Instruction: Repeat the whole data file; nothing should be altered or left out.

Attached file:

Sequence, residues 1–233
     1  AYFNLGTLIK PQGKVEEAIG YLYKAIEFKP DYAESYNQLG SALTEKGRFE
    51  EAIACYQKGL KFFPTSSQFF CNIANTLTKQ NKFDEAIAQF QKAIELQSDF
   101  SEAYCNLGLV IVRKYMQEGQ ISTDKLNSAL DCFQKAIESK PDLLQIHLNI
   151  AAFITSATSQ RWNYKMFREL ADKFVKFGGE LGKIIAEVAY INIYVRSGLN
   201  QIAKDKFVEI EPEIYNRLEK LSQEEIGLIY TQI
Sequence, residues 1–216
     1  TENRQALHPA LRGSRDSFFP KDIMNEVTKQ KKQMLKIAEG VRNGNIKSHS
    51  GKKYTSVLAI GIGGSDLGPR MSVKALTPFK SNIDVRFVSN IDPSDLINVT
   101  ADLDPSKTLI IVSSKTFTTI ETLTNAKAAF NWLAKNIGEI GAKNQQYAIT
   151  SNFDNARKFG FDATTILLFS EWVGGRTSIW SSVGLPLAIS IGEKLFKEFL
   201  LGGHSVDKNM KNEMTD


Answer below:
Sequence, residues 1–233
     1  AYFNLGTLIK PQGKVEEAIG YLYKAIEFKP DYAESYNQLG SALTEKGRFE
    51  EAIACYQKGL KFFPTSSQFF CNIANTLTKQ NKFDEAIAQF QKAIELQSDF
   101  SEAYCNLGLV IVRKYMQEGQ ISTDKLNSAL DCFQKAIESK PDLLQIHLNI
   151  AAFITSATSQ RWNYKMFREL ADKFVKFGGE LGKIIAEVAY INIYVRSGLN
   201  QIAKDKFVEI EPEIYNRLEK LSQEEIGLIY TQI
Sequence, residues 1–216
     1  TENRQALHPA LRGSRDSFFP KDIMNEVTKQ KKQMLKIAEG VRNGNIKSHS
    51  GKKYTSVLAI GIGGSDLGPR MSVKALTPFK SNIDVRFVSN IDPSDLINVT
   101  ADLDPSKTLI IVSSKTFTTI ETLTNAKAAF NWLAKNIGEI GAKNQQYAIT
   151  SNFDNARKFG FDATTILLFS EWVGGRTSIW SSVGLPLAIS IGEKLFKEFL
   201  LGGHSVDKNM KNEMTD